How to Support Mental Health During and After Pregnancy

Becoming pregnant and delivering a healthy baby is a blessing that many women live to enjoy. Cute little fingers and toes, beautiful eyes, and toothless smiles are some of the things mothers treasure. However, this big life event (pregnancy) comes with a roller-coaster of emotions at different stages.

The typical response when you ask for mental health support from friends or family, and sometimes your spouse during pregnancy, would be –”‘it is part of the process”. However, this is a myth! Mental health is critical in pregnancy, and it should be addressed with utmost professionality and attention to prevent harm to the mother and the baby.

Mental Health vs. Pregnancy

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Did you know that poor mental health can affect the ability of a woman to become pregnant? According to the Office of Women Health, hormones can affect women’s moods and emotions in multiple ways throughout their lifetime. Women with mental health conditions may develop symptoms related to menopause or their menstrual cycle.

So let’s get down to some facts:

  1. Monthly menstrual cycles are welcomed with a series of rising and falling levels of particular hormones. These hormone levels might affect the way you physically and mentally think and feel. Negative vibes such as anxiety, stress, and depression can affect hormones that control ovulation which will dim down your chances of conceiving. The mental health conditions can cause premenstrual syndrome (PMS), premenstrual dysphoric disorder (PMDD), or irregular periods.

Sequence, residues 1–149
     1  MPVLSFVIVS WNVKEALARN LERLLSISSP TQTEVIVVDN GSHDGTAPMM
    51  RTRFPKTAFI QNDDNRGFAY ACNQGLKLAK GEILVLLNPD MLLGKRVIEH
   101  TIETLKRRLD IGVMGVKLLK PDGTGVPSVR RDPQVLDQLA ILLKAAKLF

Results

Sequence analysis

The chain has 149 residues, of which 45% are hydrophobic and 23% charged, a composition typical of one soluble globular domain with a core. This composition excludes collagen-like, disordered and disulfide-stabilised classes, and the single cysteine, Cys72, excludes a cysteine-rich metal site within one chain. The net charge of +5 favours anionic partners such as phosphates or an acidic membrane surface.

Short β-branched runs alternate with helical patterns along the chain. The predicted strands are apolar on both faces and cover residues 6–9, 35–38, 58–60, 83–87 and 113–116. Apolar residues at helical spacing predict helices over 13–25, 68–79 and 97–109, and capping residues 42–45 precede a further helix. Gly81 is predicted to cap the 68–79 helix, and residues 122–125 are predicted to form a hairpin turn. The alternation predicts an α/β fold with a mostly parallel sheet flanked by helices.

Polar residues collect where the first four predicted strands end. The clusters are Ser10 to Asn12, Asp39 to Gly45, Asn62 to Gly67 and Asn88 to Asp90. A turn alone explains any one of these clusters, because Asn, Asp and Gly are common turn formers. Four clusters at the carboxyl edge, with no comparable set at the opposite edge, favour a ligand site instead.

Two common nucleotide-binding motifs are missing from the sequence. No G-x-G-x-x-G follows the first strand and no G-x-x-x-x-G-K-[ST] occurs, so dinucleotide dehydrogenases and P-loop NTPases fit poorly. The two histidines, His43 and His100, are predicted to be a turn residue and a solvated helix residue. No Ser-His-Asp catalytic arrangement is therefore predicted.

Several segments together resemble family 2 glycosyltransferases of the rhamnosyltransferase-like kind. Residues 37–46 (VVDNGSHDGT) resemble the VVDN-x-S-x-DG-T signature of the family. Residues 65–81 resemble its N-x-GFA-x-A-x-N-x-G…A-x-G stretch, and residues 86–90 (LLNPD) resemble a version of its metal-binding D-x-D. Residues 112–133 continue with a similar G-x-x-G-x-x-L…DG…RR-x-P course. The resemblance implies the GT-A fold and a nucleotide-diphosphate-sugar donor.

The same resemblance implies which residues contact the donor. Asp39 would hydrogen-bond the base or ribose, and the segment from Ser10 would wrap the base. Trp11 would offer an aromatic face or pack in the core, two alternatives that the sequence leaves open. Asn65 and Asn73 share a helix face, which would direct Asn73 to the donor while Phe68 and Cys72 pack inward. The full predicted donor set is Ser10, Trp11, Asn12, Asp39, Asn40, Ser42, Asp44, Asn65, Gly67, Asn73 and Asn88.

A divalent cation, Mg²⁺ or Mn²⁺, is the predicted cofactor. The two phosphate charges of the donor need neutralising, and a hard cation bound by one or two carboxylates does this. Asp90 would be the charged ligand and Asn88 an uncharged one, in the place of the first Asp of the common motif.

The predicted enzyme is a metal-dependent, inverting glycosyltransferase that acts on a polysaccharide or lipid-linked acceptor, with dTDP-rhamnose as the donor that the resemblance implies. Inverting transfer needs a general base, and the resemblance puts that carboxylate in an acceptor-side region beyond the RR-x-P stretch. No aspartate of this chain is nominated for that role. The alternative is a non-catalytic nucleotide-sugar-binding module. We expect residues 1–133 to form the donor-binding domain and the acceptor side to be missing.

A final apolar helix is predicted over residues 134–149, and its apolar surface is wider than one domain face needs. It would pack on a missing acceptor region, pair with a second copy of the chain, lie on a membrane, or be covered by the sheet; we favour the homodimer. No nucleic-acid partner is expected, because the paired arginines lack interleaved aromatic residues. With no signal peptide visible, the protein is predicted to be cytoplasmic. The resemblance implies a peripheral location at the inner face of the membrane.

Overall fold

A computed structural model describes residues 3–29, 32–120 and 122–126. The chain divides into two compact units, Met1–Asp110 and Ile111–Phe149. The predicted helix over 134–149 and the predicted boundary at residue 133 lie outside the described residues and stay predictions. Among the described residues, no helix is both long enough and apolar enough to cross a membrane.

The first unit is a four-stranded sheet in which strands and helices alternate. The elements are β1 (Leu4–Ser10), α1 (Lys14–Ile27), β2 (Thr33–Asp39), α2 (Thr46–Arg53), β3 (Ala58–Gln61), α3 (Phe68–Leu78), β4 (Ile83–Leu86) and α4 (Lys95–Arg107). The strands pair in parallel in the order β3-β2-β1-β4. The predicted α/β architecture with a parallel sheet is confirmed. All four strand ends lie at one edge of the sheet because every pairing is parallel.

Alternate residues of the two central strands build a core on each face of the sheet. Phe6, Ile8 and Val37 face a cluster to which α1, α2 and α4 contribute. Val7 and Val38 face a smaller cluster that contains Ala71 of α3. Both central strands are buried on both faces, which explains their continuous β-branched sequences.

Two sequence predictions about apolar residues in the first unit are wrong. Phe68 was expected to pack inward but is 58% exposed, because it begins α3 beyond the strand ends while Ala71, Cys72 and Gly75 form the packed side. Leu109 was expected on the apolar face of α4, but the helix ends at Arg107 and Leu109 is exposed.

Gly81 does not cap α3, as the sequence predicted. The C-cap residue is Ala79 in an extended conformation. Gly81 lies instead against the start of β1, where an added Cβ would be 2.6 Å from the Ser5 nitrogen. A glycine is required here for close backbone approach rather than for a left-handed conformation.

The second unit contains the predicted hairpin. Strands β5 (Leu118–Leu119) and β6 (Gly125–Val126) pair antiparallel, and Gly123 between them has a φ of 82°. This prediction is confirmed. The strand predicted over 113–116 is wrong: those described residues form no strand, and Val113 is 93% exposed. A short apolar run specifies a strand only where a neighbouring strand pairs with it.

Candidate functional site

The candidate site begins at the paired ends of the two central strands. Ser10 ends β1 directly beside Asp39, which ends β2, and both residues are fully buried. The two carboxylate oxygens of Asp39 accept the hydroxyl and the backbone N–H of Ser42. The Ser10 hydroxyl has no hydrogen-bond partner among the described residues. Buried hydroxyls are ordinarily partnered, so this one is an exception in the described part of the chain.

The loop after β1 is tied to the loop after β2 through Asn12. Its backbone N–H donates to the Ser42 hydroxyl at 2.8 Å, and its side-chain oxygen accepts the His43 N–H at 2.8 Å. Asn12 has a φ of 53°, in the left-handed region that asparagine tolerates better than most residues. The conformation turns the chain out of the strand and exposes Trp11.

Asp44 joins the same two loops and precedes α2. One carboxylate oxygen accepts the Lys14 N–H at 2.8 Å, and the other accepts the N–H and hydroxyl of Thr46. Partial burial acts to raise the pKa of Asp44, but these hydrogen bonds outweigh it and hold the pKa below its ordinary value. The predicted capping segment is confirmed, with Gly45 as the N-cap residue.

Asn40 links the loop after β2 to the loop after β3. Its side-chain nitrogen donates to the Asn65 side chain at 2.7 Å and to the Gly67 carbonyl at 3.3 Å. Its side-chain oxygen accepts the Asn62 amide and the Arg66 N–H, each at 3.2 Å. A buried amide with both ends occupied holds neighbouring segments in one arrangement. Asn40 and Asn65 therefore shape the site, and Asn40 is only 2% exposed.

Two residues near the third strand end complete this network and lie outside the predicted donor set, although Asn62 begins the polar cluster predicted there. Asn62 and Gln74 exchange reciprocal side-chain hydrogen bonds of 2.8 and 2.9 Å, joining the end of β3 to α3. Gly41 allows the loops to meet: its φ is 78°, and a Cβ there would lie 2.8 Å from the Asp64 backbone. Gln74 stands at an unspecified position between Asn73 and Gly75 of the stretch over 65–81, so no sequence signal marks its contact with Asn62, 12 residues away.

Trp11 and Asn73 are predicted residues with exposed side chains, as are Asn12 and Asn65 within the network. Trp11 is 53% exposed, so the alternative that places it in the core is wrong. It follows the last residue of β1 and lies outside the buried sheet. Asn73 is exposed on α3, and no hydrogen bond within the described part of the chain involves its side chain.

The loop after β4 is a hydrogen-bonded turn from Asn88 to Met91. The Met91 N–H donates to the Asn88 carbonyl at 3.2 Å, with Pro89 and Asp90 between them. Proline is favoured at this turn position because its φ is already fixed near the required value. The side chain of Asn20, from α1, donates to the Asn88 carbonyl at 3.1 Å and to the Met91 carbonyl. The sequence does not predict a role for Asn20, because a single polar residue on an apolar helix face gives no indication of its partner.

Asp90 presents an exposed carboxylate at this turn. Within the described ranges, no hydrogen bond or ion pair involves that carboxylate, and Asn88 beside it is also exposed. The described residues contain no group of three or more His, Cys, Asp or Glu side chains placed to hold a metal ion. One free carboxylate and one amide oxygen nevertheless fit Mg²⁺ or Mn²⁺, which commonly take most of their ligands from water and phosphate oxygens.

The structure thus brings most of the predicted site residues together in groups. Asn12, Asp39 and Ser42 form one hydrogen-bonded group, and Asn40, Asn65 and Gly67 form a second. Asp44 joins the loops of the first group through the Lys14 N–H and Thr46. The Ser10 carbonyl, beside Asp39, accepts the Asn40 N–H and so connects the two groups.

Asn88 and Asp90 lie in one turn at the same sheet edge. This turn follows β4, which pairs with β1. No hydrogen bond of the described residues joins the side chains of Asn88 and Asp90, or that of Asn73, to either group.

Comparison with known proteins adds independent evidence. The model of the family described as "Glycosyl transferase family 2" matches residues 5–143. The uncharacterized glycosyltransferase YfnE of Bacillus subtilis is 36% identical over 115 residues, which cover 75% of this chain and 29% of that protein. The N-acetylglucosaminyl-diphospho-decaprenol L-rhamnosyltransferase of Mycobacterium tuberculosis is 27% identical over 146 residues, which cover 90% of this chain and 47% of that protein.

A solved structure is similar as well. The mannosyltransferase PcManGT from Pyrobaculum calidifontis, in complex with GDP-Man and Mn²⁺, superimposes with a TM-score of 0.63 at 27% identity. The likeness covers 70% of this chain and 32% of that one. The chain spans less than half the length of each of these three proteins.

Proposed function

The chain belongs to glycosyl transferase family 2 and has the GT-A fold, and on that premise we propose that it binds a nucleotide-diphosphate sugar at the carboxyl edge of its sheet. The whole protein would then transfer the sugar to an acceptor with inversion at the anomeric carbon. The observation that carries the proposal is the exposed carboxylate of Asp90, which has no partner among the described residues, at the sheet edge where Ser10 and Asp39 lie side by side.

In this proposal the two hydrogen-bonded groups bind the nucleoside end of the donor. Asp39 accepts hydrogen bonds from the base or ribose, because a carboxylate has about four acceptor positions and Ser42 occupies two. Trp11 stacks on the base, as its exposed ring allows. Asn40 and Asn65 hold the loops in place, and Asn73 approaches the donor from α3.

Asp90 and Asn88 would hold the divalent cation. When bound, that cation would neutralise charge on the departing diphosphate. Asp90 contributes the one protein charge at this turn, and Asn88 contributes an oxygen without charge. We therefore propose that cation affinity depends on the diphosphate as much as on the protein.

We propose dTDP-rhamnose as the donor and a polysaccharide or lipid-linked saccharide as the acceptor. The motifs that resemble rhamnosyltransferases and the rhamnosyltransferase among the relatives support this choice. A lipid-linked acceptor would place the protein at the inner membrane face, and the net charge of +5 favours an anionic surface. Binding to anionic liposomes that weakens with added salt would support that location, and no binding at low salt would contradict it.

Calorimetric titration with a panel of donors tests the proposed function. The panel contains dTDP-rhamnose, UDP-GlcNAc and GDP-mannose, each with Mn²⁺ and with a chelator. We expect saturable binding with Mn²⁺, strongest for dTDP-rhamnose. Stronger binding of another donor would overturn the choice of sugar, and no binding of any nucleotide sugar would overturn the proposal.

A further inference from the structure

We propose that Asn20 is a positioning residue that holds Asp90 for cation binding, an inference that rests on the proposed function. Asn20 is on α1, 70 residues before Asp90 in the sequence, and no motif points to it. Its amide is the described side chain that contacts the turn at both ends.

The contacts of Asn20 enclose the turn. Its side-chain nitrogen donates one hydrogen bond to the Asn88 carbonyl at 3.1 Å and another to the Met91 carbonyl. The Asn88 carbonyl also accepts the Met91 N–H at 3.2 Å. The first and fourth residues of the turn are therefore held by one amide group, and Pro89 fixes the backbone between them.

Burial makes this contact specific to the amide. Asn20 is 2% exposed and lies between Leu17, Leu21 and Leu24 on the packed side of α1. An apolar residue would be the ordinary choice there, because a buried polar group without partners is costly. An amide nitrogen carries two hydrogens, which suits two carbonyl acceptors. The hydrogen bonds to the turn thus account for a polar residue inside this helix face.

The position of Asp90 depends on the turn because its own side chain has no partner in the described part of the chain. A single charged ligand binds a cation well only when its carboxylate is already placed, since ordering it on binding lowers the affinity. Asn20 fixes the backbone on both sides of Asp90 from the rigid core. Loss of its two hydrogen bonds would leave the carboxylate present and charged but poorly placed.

2. Hormonal changes during pregnancy can cause a relapse of specific mental health conditions. Pregnant women with mental health conditions are also at a higher risk of getting complications. Some regressions include depression, eating disorder, obsessive-compulsive disorder (OCD), anxiety disorder, and bipolar disorder.
  3. Some mental health conditions might affect your ability to become pregnant.
  4. Medication on mental health conditions such as antidepressants can reduce the chances of conceiving. However, others will not decrease your chances of becoming pregnant. Similarly, some drugs are safe while breastfeeding, and others should be stopped or changed for your child’s sake.
  5. Women who stop or reduce their intake of psychiatric medications for bipolar disorder, depression, or other mental disorders during pregnancy might experience additional or increased symptoms of their mental illness.
  6. Parental anxiety and depression can cause neglectful behaviors that might lead to future mental health issues with the baby. Even though this can still happen during pregnancy. Research shows that depressed pregnant women are likely to give birth to underweight babies.
  7. During pregnancy, mental health conditions can lead to excessive drinking of alcohol, smoking, or other substance abuse that might affect the health of the unborn child.